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J Emerg Med. 2011 Feb;40(2):182-7. doi: 10.1016/j.jemermed.2009.02.009. Epub 2009 Mar 27.

Fentanyl in the out-of-hospital setting: variables associated with hypotension and hypoxemia.

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Massachusetts General Hospital/Brigham and Women's Hospital, Boston, Massachusetts, USA.



Previous out-of-hospital fentanyl analgesia studies are limited by retrospective nature or low numbers.


This study sought to prospectively assess fentanyl safety in a large out-of-hospital group, to identify variables associated with post-fentanyl hypotension (HN; systolic blood pressure [SBP] < 90) or hypoxemia (HX; SpO(2) < 90%).


As part of a new protocol requiring documentation of peri-dose vital signs and adverse effects associated with fentanyl bolus doses, our Emergency Medical Services helicopter service assessed 500 consecutive patients receiving fentanyl from July through September 2006. By a priori plan, we assessed HN and HX descriptively (median with interquartile range, exact confidence intervals [CIs]) and with multivariate regression.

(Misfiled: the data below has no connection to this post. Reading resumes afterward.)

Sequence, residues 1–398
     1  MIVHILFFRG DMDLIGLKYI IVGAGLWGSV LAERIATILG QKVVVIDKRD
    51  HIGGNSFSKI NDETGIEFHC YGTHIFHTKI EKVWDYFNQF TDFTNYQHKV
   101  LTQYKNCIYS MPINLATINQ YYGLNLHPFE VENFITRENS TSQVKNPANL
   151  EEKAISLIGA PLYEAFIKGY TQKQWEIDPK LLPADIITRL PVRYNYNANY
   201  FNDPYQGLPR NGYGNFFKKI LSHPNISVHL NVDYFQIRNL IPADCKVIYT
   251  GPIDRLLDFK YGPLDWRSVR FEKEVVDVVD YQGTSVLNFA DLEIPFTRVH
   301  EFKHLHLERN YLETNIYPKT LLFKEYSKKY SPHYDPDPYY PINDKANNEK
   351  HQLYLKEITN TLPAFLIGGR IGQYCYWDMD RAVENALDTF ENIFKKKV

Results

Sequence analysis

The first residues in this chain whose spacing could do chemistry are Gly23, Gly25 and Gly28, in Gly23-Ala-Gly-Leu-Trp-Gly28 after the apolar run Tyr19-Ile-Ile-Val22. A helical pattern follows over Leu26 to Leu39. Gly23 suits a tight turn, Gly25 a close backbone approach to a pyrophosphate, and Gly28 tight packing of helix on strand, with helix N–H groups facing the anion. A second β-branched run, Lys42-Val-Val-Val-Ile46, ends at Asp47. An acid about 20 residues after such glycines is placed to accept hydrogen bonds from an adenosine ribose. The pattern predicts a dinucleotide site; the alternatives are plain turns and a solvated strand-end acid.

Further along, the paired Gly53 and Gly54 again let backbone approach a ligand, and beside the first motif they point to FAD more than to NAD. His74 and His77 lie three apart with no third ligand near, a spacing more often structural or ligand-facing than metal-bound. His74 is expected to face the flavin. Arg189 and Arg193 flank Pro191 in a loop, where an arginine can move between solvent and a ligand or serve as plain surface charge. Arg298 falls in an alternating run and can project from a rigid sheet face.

In 1055 patients, post-fentanyl HN was noted 52 times (4.9%), being a continuation of pre-fentanyl HN in 24 patients (46.2%); HN was new in 28 patients (2.7% of 1055, 95% CI 1.8-3.8%). Regression showed no association between dependent variables HN (assessed for 1055 doses) or HX (528 doses in non-intubated) and independent variables age, diagnosis, gender, scene/inter-facility mission, dose, or total transport dose. Pre-and post-fentanyl SpO(2) means were unchanged: 98.8% (95% CI 98.5-98.9) vs. 98.6% (95% CI 98.3-99.0), respectively. Post-fentanyl HN was seen in patients with pre-fentanyl intubation (odds ratio [OR] 5.3, p = 0.002) and with pre-fentanyl low SBP (OR 40, p < 0.001).


In a closely monitored out-of-hospital population, fentanyl incurs a low risk of significant hypoxemia. The risk of fentanyl-associated hypotension is also very low, but difficult to predict in the absence of acuity markers such as pre-existing hypotension.

[Indexed for MEDLINE]

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